In the below demo the regular expression looks for one or more uppercase or lowercase letters within the character class [A-Za-z], followed with an end of a line anchor $ Some undesired spaces and dashes from the user input can be removed by using the string object replace() method.
The regular expression is used to find the characters and then replace them with empty spaces.
We have used "/" and "-" character as a separator within the date format but you are free to change that separator the way you want.
When you search for data in a text, you can use this search pattern to describe what you are searching for.
A regular expression can be a single character, or a more complicated pattern.
You want to use a simple regex that simply checks whether the input looks like a date, without trying to weed out things such as February 31You might think that something as conceptually trivial as a date should be an easy job for a regular expression. Because dates are such an everyday thing, humans are very sloppy with them. To somebody else, it may be the first working day of the year, if New Year’s Day is on a Friday.
The other issue is that regular expressions don’t deal directly with numbers. That’s because the characters for the digits 0 through 9 occupy consecutive positions in the ASCII and Unicode character tables.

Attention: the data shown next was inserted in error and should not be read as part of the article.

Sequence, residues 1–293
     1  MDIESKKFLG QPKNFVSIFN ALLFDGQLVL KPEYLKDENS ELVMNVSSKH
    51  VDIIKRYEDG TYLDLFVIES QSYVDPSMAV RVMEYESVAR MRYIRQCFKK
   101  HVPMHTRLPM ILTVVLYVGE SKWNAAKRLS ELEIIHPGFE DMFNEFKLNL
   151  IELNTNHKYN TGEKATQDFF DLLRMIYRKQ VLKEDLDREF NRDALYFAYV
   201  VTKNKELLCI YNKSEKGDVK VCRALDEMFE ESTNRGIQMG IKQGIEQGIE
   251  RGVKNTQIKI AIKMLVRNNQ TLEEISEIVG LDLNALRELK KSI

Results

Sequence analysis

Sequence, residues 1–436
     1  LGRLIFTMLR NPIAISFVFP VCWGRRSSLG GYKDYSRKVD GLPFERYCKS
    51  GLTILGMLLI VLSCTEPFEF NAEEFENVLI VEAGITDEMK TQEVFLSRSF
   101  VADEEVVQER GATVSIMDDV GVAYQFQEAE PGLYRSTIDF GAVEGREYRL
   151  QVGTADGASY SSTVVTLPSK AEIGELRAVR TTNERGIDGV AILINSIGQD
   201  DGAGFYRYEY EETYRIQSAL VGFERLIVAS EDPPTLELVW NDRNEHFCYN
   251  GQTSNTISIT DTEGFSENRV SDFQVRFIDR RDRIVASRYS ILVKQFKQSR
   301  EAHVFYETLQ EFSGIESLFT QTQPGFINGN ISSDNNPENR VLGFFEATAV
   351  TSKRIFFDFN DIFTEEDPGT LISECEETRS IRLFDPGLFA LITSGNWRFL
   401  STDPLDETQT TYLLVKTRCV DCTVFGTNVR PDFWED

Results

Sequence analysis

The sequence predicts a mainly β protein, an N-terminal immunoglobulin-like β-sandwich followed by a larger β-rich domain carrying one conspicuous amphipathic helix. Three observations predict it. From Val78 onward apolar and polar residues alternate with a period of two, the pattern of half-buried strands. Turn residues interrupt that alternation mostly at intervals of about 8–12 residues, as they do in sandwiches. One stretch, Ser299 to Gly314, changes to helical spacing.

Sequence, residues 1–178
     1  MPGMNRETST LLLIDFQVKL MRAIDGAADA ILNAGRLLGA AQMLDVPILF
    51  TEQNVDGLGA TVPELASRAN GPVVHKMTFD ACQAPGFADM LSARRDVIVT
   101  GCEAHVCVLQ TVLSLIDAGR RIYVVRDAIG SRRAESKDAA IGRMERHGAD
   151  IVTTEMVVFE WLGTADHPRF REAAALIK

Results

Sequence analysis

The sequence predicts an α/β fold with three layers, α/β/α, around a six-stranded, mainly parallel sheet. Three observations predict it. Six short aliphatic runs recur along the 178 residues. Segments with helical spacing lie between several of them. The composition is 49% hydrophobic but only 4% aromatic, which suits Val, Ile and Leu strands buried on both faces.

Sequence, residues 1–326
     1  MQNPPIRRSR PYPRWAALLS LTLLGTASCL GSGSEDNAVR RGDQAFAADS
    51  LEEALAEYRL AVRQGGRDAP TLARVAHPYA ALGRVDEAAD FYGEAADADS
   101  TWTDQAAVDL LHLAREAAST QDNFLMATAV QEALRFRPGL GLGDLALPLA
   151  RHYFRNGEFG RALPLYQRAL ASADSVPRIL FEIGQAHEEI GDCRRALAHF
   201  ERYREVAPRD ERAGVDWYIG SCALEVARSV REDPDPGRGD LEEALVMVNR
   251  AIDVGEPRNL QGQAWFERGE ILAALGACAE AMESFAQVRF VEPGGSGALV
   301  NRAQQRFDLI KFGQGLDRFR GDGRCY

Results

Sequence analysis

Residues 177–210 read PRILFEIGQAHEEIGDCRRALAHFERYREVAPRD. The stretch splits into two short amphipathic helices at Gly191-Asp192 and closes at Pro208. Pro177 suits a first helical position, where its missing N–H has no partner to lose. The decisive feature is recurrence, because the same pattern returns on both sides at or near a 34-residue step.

In Java Script, regular expressions are often used with the two string methods: search() and replace().
The demo below , uses a function to check if value in the form field is empty or null.
A simple six digit zipcode can be checked using regular expression which matches exactly six digits : /^d$/ Another way can be /^[0-9][0-9][0-9][0-9][0-9][0-9]$/ , for zipcode with dash in between it can be /^\d-? There may be some form fields whose values must be strictly alphabetic characters, eg: Name, Country, State.
If you want to use async validation you need to use a runtime that supports Promises.
You can tell to use any A compatible promise implemention like this: There are already many validation libraries out there today but most of them are very tightly coupled to a language or framework.